Being listed as deceased by the Social Security Administration will affect wide range of benefits including disability.
It's No Joke: Proving You're Alive to the Social Security Administration - Every year, thousands of people are erroneously listed as deceased by the Social Security Administration, affecting a wide range of benefits - and it may fall on you to fix the mistake.
U.S. Social Security Administration - Deliver services through a nationwide network of over 1,400 offices that include regional offices, field offices, card centers, teleservice centers, processing centers, hearing offices, the Appeals Council, and State and territorial partners, the Disability Determination Services. They also have a presence in U.S. embassies around the globe.
You are a unique individual. You have your own thoughts, feelings, hopes and desires. Yet, in any number of government databases, you are a numbered case file with a name attached.
Given the sheer volume of people the government has to keep track of, perhaps their impersonal touch can be forgiven in the name of expediency and efficiency. But, sometimes this bureaucratic system is far from a well-oiled machine, particularly when it comes to correcting errors. In cases that seem to be cropping up more and more, the Social Security Administration is stopping people's benefits due to death. The problem? Many of them are still very much alive!
Mistakenly Ending Up On Death Master File Carries Grave Consequences
The SSA maintains a compilation of U.S. deaths known as the Death Master File, or DMF. Every year, about 2.8 million verified death reports are added to the DMF. Each death report lists a name, Social Security number, date of death, date of birth and the ZIP code of last known residence.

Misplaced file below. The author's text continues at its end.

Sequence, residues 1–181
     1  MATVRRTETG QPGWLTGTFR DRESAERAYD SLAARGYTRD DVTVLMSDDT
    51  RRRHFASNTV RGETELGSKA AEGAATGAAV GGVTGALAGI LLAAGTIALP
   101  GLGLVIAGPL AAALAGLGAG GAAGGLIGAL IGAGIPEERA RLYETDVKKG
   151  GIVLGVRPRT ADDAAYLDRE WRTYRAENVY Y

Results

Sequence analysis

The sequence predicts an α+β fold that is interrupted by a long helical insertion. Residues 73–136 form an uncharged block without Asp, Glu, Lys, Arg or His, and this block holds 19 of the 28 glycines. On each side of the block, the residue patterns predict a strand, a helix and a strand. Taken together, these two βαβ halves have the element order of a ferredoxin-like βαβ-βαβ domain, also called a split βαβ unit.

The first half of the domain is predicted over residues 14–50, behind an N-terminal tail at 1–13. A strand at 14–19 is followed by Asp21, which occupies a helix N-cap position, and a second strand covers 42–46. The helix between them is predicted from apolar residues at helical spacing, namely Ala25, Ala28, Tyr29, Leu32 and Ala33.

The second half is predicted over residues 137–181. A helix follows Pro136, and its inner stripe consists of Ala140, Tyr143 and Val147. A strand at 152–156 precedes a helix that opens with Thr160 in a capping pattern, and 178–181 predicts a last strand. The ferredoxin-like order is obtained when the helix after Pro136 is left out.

Most of the individuals who wind up on the DMF have truly passed on. But, one-half of one percent - approximately 14,000 people every year - make it onto the DMF in error.
Usually, these mistakes are due to human error and an oversight as innocuous as a misplaced keystroke. But, when it comes to the DMF, typos can have devastating consequences.
"You go to your bank to cash a check and find out your account is closed," Steven Weisman, a professor at Bentley University who specializes in identity theft and scams told Consumer Reports. "Or maybe you apply for credit and are told you are dead," he added. "You might stop receiving government benefits or disability checks." The DMF is publicly available because of a Freedom of Information Act lawsuit, so a scam artist could also lift your information from the file to apply for credit in your name.
Resurrecting Yourself From a Death Listing
You may think getting off the DMF would be as simple as calling in to prove you're still breathing - but any Social Security attorney will tell you it is not always so easy. At a minimum, you'll have to show up with a photo ID and meet face-to-face with an SSA staffer to remove an erroneous death listing. That's if you're very, very lucky.
More likely, you'll have to track the error to its source, whether it's a county clerk's office, funeral home, health insurance company or family member. Then, if a death certificate has been issued, you'll need to get it amended and send it out to banks, credit bureaus, insurers and other interested parties to let them know you're still alive.
And, there is the matter of the benefits you've missed during the time the SSA thought you were dead. If the government, an employer or an insurer is not forthcoming with these payments, a lawyer may be able to help you recover them.
You probably never thought proving you are alive would be a challenge, let alone one you may realistically have to face. But, dozens of Americans are confronted with this problem every day. If you are one of them, contact a Social Security attorney as soon as possible to protect your benefits.